4 Minnesotans in running for one-way trip to Mars


No, this story isn't a work of science fiction.

The Pioneer Press reports four Minnesotans are among 1,058 other people who have been named semifinalists in a Netherlands-based nonprofit organization's program that aims to send volunteers to Mars starting 10 years from now.

Jackson Kisling of Woodbury, Paul Larson of New Hope, Chad Schilling of Eden Prairie and Dr. Katherine Johnson of Excelsior are all in the running to take part in the Mars One program.

There is a catch, though: If they go, they're not coming back. The mission is to establish a colony on the red planet.

Kisling told the Pioneer Press that he strongly believes "space exploration is the most important thing we will do this century, or not do."

The program is billed as "The Next Giant Leap For Mankind" on the Mars One website. The Pioneer Press said the cost is estimated between $4 billion to $10 billion, and would be paid by advertising and fees earned from event, which would be televised as a prolonged reality show.

The Minnesotans are among 200,000 people worldwide who paid $35 just to apply.

The program is currently raising money to privately send an unmanned Mars Lander and Satellite mission to the Red Planet in 2018.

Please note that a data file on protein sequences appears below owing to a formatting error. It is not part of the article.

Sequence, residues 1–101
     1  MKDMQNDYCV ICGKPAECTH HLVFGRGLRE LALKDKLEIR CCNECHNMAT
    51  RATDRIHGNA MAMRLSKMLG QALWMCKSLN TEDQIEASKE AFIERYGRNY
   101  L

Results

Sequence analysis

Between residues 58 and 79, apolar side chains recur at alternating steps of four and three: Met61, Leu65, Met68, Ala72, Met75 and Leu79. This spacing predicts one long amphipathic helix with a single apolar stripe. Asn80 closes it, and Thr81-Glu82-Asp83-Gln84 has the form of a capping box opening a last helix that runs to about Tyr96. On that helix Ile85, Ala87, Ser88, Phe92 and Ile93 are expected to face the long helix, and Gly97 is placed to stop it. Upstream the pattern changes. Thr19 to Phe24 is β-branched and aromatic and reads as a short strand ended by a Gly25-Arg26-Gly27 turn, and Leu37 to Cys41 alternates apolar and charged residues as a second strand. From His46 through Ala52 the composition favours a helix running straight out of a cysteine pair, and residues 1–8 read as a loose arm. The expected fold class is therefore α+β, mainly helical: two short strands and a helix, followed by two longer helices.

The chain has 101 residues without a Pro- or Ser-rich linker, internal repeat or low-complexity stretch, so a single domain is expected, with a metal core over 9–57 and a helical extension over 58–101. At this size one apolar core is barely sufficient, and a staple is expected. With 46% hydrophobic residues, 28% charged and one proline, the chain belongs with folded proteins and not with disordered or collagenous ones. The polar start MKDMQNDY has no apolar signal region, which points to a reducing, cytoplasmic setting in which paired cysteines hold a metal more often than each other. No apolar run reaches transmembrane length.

Space.com has artistic renderings of the Mars One mission and photos of people connected with the program.

The applicants for Mars One are unique in that they're mostly regular people, and not scientists or Air Force pilots who are vying to become NASA astronauts. The only qualification for applicants was that they had to be at least 18 years old.

CBS News says 297 semifinalists hail from the U.S., while 75 come from Canada. India has 62 semifinalist and Russia has 52. In all, Mars One is said to be looking at semifinalists from 107 different countries.

The Los Angeles Times says the list of 1,058 semifinalists will be whittled down over the next two years, as applicants undergo physical and emotional tests, as well as "rigorous simulations."

The program hopes to narrow the field to 40 in the next four years, the Times said, and those people will begin training for their eventual trip to Mars.

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